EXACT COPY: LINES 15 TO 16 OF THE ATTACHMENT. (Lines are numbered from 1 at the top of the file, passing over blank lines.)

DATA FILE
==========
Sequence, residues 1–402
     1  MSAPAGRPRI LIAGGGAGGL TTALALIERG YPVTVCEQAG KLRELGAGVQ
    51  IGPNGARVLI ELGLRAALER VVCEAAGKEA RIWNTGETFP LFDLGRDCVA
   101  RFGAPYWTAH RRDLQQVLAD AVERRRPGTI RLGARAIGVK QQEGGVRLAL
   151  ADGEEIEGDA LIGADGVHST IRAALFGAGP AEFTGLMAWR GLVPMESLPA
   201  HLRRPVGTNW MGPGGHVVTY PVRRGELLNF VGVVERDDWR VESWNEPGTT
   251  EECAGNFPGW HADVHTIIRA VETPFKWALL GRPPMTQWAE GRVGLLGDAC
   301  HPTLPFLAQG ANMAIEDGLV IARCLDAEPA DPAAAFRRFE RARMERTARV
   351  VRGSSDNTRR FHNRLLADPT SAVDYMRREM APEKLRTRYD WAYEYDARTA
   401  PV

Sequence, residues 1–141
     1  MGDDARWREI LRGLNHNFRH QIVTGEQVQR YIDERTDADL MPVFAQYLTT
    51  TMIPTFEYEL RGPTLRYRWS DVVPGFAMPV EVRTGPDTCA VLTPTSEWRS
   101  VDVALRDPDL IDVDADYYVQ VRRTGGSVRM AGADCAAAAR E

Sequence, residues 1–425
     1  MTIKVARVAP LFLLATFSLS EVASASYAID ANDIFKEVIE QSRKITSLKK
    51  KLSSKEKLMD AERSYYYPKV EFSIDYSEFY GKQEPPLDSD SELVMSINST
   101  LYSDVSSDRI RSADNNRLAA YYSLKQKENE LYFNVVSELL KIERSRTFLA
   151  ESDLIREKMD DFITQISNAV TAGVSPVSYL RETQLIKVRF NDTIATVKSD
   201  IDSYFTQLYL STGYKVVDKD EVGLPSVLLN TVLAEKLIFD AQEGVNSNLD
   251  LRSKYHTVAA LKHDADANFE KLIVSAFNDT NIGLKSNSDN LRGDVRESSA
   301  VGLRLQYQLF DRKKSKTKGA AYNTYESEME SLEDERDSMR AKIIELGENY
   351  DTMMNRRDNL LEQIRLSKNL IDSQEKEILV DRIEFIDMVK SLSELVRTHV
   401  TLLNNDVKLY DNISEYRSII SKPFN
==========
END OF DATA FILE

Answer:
Sequence, residues 1–425
     1  MTIKVARVAP LFLLATFSLS EVASASYAID ANDIFKEVIE QSRKITSLKK